When the COVID-19 pandemic began, nearly every country closed its doors to visitors. Most countries have since reopened on their own respective schedules. However, to date, there are a handful of countries that still aren’t open, at least to tourism, due to the virus.
In advance of the U.S. reopening its doors to visitors in November 2021, President Biden issued a Proclamation in October 2021 to “suspend and limit entry into the United States for non-U.S. citizens who are nonimmigrants, referred to as ‘Covered individuals,’ seeking to enter the United States by air travel and are not fully vaccinated against COVID-19.. From the Centers for Disease Control and Prevention (CDC):
- If you are a non-U.S. citizen who is a nonimmigrant (not a U.S. citizen, U.S. national, lawful permanent resident, or traveling to the United States on an immigrant visa), you will need to show proof of being fully vaccinated against COVID-19 before you travel by air to the United States from a foreign country.
- Some categories of noncitizen, nonimmigrants are excepted from this requirement. If you meet the criteria for one of these categories, you will need to fulfill additional requirements to travel by air to the United States.
The vaccination rules did not apply to certain small groups of people. However, if you were trying to enter the U.S. for tourism, business, visiting family, etc., you were required to show proof of having received a full series of covid vaccination(s).
Of course, covid has changed a lot since late 2021. The virus has evolved from one that can kill virtually anyone, regardless of age or health level, to one that’s currently much more contagious but generally makes people less sick. As of early 2023, only a few hundred people per day were dying of covid in the U.S. (as a comparison, roughly 350,000 people in the U.S. died of the virus in 2020, 415,000 in 2021, and 2022’s final tally, once fully counted, will be less than 300,000), and those who are unvaccinated have a higher rate of hospitalization and death from covid.
The vaccination rules for foreign visitors have been extended time after time, even as the various forms of omicron variants have shown they’re generally less deadly than the early forms of the virus.
Most recently, the rule was extended from January 9th through April 10th, 2023.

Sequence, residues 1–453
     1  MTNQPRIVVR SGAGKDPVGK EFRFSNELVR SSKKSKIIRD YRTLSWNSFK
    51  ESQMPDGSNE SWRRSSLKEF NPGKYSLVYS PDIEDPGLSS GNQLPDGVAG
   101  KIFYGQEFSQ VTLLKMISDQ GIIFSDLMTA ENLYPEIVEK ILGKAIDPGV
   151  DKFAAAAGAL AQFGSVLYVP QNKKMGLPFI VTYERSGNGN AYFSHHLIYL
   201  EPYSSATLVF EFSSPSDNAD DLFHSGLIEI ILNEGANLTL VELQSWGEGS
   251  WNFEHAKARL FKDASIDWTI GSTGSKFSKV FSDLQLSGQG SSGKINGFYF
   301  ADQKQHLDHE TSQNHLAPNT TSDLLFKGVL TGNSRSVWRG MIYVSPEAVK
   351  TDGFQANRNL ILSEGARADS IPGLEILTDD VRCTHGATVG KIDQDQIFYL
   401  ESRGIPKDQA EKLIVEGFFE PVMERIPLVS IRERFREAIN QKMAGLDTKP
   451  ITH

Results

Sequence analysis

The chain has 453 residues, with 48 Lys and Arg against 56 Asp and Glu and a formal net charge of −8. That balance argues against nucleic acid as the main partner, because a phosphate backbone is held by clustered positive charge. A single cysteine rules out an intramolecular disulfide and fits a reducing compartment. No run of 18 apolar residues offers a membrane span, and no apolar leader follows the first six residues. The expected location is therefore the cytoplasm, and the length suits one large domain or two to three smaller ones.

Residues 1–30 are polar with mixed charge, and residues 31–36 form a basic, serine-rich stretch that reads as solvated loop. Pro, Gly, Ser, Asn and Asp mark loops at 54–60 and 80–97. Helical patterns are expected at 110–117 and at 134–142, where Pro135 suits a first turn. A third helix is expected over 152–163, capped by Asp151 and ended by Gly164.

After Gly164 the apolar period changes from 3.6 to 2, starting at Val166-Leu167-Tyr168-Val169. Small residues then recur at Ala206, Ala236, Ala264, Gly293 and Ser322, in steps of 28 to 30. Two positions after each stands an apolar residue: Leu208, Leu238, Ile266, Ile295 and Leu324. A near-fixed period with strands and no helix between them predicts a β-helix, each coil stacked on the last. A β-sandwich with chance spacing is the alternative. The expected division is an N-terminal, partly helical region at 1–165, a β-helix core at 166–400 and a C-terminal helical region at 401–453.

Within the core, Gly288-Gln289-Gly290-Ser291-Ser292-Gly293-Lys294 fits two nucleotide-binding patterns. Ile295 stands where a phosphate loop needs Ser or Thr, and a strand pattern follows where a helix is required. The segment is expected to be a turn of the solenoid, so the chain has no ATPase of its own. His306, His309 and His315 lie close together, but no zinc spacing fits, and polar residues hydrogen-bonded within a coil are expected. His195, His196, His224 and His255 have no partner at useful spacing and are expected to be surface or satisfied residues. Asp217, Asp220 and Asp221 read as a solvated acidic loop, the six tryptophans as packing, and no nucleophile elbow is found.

Many people were disappointed with this decision, especially those involved in the tourism industry, or those who put more faith in conspiracy theories than science. After all, covid isn’t the killer it once was, right?
Unfortunately, of the online entities that reported on the update, few explained why the U.S. government was extending the ruling – just that they were extending it.
Here’s the emergency amendment from the TSA, that went into effect on January 9th. (bold face is mine, for emphasis):
Together with the Presidential Proclamation and the CDC Order, these policies are intended to limit the risk that COVID-19, including variants of the virus that causes COVID-19, is introduced, transmitted, and spread into and throughout the United States, potentially overwhelming United States healthcare and public health resources, endangering the health and safety of the American people, and threatening the security of our civil aviation system.
BTW, it’s very similar to the original ruling, back in the fall of 2021.
Of course, omicron is not as deadly as the original strains of covid. However also remember that the unvaccinated are still at a higher risk of hospitalization and death from omicron. And thanks to the “tripledemic” of covid, flu and RSV, our nation’s hospitals have been busting at the seams, on and off, since the fall. Allowing visitors who are automatically at higher risk for illness severe enough to land them in the hospital, simply because they’re not vaccinated against covid, is not a risk the U.S. government is willing to take right now.
Save for masking and isolating, nothing can help prevent a visitor from catching covid while they’re here; omicron has evolved, LOL! But only allowing vaccinated people to enter the country decreases the chances of their becoming “very” sick and having to be hospitalized, should they catch covid while in the U.S. That helps keeps however many ICUs and other hospital beds a city has, open. That, in turn, helps to not overload (or further overload, depending on the week) the county’s health care systems. And that’s always a good thing.
The other reasons – keeping the American public healthy and aviation security, are important too. But I think right now, when hospitals can and do become full in the blink of an eye, not allowing an entire group of people who could add to that overcrowding is an excellent idea.
Feature photo: Pexels
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